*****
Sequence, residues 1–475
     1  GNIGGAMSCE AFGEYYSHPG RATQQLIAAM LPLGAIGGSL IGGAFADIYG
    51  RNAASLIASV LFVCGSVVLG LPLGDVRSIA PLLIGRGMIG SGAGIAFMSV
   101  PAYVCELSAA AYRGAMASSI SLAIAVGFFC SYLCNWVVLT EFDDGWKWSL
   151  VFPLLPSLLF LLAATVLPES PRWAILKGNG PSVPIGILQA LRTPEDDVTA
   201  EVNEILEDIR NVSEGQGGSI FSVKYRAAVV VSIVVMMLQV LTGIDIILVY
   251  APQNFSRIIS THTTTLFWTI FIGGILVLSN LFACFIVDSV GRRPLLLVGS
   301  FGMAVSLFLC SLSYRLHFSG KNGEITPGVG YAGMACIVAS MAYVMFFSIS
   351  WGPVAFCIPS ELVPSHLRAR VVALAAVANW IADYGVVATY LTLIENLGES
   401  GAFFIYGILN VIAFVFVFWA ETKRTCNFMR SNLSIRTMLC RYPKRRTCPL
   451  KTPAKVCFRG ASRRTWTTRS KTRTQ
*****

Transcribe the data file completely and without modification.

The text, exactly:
Sequence, residues 1–475
     1  GNIGGAMSCE AFGEYYSHPG RATQQLIAAM LPLGAIGGSL IGGAFADIYG
    51  RNAASLIASV LFVCGSVVLG LPLGDVRSIA PLLIGRGMIG SGAGIAFMSV
   101  PAYVCELSAA AYRGAMASSI SLAIAVGFFC SYLCNWVVLT EFDDGWKWSL
   151  VFPLLPSLLF LLAATVLPES PRWAILKGNG PSVPIGILQA LRTPEDDVTA
   201  EVNEILEDIR NVSEGQGGSI FSVKYRAAVV VSIVVMMLQV LTGIDIILVY
   251  APQNFSRIIS THTTTLFWTI FIGGILVLSN LFACFIVDSV GRRPLLLVGS
   301  FGMAVSLFLC SLSYRLHFSG KNGEITPGVG YAGMACIVAS MAYVMFFSIS
   351  WGPVAFCIPS ELVPSHLRAR VVALAAVANW IADYGVVATY LTLIENLGES
   401  GAFFIYGILN VIAFVFVFWA ETKRTCNFMR SNLSIRTMLC RYPKRRTCPL
   451  KTPAKVCFRG ASRRTWTTRS KTRTQ